Displaying the Command History
The shell keeps a history of recently entered commands. This history mechanism enables you to view, repeat, or modify previously executed commands.
Using the history Command
The history command displays previously-executed commands. By default, the history command displays the last 16 commands to the standard output. The syntax for the history command is:
$ history option
To display previously executed commands, perform the following command:
$ history ... 87 date 88 cd /etc 89 touch dat1 dat2 90 ps -ef 91 history
The history command is an alias built into the Korn shell that enables you to display previously-executed commands.
The numbers on the left are command numbers. You can use the command numbers to instruct the shell to re-execute a particular command line. To display the command history without line numbers, perform the following command:
$ history -n ... date cd /etc touch dat1 dat2 ps -ef history
To display the current command and the four commands preceding it, perform the following command:
$ history -4 ... 107 date 108 cd /etc 109 touch dat1 dat2 110 ps -ef 111 history
To display the history list in reverse order, perform the following command:
$ history -r 111 history 110 ps -ef 109 touch dat1 dat2 108 cd /etc 107 date ...
To display the most recent cd command to the most recent date command, perform the following command:
$ history cd ls 31 cd 32 man lp 33 date ... (output truncated)
Using the r Command (in ksh shell)
The r command is an alias built into the Korn shell that enables you to repeat a command. To repeat the cal command by using the r command, perform the following command:
$ cal December 2004 S M Tu W Th F S 1 2 3 4 5 6 7 8 9 10 11 12 13 14 15 16 17 18 19 20 21 22 23 24 25 26 27 28 29 30 31 $ r cal December 2004 S M Tu W Th F S 1 2 3 4 5 6 7 8 9 10 11 12 13 14 15 16 17 18 19 20 21 22 23 24 25 26 27 28 29 30 31
To re-execute a command by line number, use the r command followed by the respective line number. For example:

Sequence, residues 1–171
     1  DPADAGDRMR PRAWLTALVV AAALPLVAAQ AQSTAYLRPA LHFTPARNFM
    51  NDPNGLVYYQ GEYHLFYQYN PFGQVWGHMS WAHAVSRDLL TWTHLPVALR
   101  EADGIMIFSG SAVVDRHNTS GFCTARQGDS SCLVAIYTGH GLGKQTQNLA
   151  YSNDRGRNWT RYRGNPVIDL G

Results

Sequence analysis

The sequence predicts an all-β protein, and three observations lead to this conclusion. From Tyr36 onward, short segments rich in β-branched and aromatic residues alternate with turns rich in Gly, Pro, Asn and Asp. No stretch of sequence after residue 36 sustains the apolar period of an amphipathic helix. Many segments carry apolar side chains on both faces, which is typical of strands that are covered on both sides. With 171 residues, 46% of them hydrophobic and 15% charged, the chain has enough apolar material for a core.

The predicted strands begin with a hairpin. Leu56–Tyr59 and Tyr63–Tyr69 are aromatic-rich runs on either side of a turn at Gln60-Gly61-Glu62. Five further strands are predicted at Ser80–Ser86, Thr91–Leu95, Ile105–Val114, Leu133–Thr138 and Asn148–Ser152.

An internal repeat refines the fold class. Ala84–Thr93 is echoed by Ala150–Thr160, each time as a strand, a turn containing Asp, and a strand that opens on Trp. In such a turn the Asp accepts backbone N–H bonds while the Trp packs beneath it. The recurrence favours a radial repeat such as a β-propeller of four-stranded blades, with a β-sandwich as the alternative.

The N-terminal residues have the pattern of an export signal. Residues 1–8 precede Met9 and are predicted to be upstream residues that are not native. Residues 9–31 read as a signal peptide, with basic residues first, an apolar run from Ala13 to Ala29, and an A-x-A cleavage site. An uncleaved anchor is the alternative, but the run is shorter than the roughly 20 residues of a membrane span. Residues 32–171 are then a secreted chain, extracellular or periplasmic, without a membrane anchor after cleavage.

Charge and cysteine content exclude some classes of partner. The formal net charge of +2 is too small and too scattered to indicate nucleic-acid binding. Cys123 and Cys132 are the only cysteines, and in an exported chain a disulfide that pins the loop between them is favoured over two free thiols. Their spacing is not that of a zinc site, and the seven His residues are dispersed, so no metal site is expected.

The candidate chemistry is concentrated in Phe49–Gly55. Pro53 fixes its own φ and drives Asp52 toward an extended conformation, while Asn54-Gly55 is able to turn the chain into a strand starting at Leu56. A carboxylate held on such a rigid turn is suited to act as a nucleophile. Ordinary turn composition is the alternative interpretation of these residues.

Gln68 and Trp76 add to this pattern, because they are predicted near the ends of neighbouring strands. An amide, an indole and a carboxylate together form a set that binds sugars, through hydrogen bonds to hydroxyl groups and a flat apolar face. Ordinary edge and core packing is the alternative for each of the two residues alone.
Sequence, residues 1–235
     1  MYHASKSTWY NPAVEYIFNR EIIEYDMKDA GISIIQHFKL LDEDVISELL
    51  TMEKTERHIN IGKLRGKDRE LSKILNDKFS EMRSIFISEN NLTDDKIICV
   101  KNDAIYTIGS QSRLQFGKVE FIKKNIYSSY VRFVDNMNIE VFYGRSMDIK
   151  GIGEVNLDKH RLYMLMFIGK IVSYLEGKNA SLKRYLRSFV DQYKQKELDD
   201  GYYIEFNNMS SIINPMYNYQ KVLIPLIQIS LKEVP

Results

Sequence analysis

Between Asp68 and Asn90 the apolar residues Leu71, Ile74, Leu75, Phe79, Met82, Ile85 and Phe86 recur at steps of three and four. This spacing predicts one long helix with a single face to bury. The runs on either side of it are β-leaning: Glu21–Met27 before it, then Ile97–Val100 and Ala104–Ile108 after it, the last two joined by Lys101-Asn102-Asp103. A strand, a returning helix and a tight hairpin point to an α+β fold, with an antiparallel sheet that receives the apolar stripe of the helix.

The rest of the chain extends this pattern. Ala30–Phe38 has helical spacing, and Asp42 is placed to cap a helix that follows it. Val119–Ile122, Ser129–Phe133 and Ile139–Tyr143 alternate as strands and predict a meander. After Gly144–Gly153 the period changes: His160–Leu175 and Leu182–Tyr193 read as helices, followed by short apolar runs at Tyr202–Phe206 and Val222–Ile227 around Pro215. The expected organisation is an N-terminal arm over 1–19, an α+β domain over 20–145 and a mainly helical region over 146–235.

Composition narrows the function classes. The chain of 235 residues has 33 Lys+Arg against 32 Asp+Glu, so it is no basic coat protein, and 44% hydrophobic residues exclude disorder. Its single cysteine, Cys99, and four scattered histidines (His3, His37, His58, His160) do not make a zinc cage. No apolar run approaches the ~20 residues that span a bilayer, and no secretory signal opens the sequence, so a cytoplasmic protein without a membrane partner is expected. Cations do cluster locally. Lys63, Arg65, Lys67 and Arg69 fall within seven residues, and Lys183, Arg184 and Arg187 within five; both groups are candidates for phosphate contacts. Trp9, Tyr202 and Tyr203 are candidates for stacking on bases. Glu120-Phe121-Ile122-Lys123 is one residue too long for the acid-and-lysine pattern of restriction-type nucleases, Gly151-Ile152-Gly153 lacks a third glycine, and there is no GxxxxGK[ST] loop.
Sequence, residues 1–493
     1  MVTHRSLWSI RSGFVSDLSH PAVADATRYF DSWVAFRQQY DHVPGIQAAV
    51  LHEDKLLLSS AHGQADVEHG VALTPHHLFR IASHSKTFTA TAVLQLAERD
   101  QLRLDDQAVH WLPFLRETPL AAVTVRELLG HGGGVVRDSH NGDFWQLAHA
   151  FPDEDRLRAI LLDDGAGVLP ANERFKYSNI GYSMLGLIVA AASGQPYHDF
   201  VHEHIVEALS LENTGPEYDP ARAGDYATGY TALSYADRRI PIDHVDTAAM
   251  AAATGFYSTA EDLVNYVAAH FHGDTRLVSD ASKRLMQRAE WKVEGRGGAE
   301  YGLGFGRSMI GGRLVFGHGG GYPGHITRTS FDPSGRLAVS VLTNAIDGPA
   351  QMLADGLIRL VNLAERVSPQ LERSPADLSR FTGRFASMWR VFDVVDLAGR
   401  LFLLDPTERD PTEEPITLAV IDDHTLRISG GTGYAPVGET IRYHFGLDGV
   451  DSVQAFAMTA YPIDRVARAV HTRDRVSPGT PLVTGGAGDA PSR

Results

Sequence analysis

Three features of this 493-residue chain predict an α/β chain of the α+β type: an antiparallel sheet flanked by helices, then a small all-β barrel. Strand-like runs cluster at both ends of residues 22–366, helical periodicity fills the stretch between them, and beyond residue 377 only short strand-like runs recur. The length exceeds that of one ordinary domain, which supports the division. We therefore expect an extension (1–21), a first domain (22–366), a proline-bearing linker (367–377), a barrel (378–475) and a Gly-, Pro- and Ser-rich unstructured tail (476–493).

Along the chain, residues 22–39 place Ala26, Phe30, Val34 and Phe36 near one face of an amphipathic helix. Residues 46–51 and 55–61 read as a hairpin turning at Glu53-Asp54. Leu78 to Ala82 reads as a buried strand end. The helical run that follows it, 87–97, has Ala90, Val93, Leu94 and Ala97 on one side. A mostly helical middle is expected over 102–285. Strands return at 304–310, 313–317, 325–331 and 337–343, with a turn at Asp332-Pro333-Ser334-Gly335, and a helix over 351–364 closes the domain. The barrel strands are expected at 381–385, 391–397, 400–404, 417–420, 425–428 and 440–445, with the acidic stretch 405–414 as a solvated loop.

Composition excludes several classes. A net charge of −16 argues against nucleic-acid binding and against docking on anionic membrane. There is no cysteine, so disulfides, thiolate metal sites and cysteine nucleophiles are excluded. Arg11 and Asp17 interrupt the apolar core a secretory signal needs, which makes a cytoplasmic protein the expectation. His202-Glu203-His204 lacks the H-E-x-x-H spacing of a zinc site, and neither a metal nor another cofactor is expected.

$ history 155 history 156 cat dante 157 history 158 date 159 cal 160 ls 161 cd $ r 160 ( output omitted )
You can also use the r command to re-execute a command beginning with a particular character, or string of characters. To rerun the most recent occurrence of a command that begins with the letter “c,” perform the following command:
$ r c $ cd /etc
To rerun the most recent occurrence of the ps command, perform the following command:
$ r ps ps -ef
You can use the r command to repeat a previous command, perform a simple edit, and perform the modiﬁed command. For example, to repeat the most recent occurrence of a command beginning with the letter “c,” replace dir1 with dir2, and perform the modiﬁed command as follows:
$ history ... 100 cd 101 cat dante 102 ls 103 cd ~/dir1 104 history $ r c cd ~/dir1 $ r dir1=dir2 cd ~/dir2
Editing and Rerunning Previously Executed Commands
You can edit previously-executed commands and rerun these commands using a shell in-line editor. Use the vi editor to turn on and enable the shell history editing feature with one of the following commands:
$ set -o vi
$ export EDITOR=/bin/vi
$ export VISUAL=/bin/vi
You can access command in the history buffer, edit the command with the vi editor, and execute the modiﬁed command by following these steps:
1. Verify that the built-in vi editor is enabled.
$ set -o | grep -w vi vi on
2. Type the history command to view the command history list.
3. Press Escape to access the command history list. Use the following keyboard keys to move the cursor through the command history.
- k – Moves the cursor up one line at a time
- j – Moves the cursor down one line at a time
- l – Moves the cursor to the right
- h – Moves the cursor to the left
4. Use the vi commands to edit any previously executed command.
5. To perform a modiﬁed command, press Return.
File Name Completion
To invoke ﬁle name completion, type the ls command followed by one or more characters of a ﬁle name, and then press the following keys in sequential order: Escape (Esc) and backslash (\).
If the shell ﬁnds a ﬁle name beginning with the speciﬁed characters, it prints the complete ﬁle name or ﬁle names to the command line. For example, to expand a ﬁle name beginning with the characters de in the /usr directory:
$ cd /usr $ ls de Press Esc and \
The shell completes the remainder of the ﬁle name, displaying:
$ ls demo/
You can request the shell to present all the possible alternatives of a partial ﬁle name from which you could then select. This action is invoked by pressing the following keys sequentially: Escape (Esc) and the equal (=) key.
To request that the shell present all ﬁle names beginning with the letter “g” in the/etc directory, type:
$ cd /etc $ cat g Press Esc, press the = key1) gconf/ 2) getty 3) gimp/ 4) gnome-vfs-2.0/ 5) gnome-vfs-mime-magic 6) gnopernicus-1.0/ 7) group 8) grpck 9) gss/ 10) gtk-2.0/ 11) gtk/ $ cat g
The cursor is positioned on top of the letter “g” at this point.